If you’re a gun owner, chances are good that you own a cleaning kit. It may not be fancy, just a few old rags and some bore brushes. You may not even be familiar with the term “jag”. That’s the name of the looped bore brush designed to hold a small square fabric patch. They can also be spear-shaped in order to “push” the fabric square through the bore. Jags are used to clean carbon buildup from inside the barrel of rifles, pistols, and shotguns. There are many jags available on the market today. Two of the most popular types are brass jags and nylon jags. Here we will discuss the pros and cons of each, and help you decide which is best for you.

The Difference Between Nylon Jags and The Brass Jags

  • The Nylon Jags

plastic jags

The nylon jags are soft like plastic, so there’s no concern about scratching the delicate bore or metal pieces of your weapon. Nylon jags are also usually less expensive than brass ones, which is always welcome, especially with the rising cost of ammo. Those are the positives. There is one significant negative, however, when using nylon jags. There is a much higher chance of the nylon jags breaking off in the barrel when compared to brass jags. The cleaning rod you most likely use is a brass cleaning rod. The nylon attachment end can snap off in the barrel if you use too many patches. Getting a jag and patches stuck in the barrel is a recipe for a bad day.

  • The Brass Jags

brass jags

Brass jags are more durable and longer-lasting than nylon jags. Because brass is softer than steel, you don’t need to worry about the brass scratching your steel barrel. The brass jags do cost slightly more than nylon jags, but the difference is just a few dollars. You can find both brass and nylon jag kits for a very reasonable price. Most importantly, a brass jag will not break off inside your barrel as a nylon one can. For this reason, brass jags are much more reliable and dependable than nylon jags.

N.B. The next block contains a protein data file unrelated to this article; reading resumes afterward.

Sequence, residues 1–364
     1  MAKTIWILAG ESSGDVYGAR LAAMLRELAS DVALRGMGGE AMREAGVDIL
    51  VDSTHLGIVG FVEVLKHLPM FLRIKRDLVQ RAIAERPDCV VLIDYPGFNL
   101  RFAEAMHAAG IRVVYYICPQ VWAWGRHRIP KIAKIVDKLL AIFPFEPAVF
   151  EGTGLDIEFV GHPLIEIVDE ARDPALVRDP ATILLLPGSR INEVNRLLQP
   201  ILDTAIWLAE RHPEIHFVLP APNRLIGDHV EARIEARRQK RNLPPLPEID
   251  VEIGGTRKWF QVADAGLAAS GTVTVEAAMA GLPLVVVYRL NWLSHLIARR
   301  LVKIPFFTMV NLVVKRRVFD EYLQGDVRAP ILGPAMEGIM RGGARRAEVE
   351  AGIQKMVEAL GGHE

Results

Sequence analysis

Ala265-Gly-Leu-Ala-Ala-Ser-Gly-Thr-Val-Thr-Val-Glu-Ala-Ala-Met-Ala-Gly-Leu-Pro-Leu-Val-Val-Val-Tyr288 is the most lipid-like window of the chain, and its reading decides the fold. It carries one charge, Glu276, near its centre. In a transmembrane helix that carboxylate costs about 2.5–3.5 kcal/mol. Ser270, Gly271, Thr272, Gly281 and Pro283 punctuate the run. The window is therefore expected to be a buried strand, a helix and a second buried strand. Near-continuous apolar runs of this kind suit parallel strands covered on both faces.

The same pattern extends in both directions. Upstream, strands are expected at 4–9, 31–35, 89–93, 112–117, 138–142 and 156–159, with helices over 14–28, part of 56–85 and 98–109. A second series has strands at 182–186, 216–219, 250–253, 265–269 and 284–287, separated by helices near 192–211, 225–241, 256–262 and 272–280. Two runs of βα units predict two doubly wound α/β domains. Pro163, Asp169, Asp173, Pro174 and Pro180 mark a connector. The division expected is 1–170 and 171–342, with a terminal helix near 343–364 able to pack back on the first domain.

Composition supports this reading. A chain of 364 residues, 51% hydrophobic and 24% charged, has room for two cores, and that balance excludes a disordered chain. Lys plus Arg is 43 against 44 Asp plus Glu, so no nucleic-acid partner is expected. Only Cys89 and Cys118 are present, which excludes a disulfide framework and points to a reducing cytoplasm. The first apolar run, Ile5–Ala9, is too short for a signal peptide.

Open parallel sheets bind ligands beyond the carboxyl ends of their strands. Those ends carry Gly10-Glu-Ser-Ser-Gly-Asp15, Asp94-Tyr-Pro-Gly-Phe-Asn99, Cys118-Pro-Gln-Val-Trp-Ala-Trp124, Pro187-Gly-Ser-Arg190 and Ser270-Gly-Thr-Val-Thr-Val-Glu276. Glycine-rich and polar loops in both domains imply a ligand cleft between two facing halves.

How to Choose the Jags that Suits You

If you don’t shoot often, and you need to give your barrel just an occasional cleaning, nylon jags will probably be fine for you. Just remember not to overload your jag with too many patches or it might get stuck. If you’re a more frequent shooter, and thus clean your guns more frequently, investing in a good brass set of jags will pay off in the long run. They will last longer and have less chance of getting stuck in your barrel.

Both nylon and brass jags are effective for the job. However, if you tend to overload your jags with two or three patches at a time, there's a higher risk of the nylon jag breaking off. If this sounds like you, it's worth investing in a set of brass jags. While they may cost a few dollars more, they offer added durability and peace of mind.

If you're in search of a suitable brass jag cleaning kit, you'll find the answer here: GLORYFIRE BRASS Jags Gun Cleaning Kit


Past topics:


Complete Guide to Gun Cleaning

Best 9MM cleaning Kits 2021- Buying Guide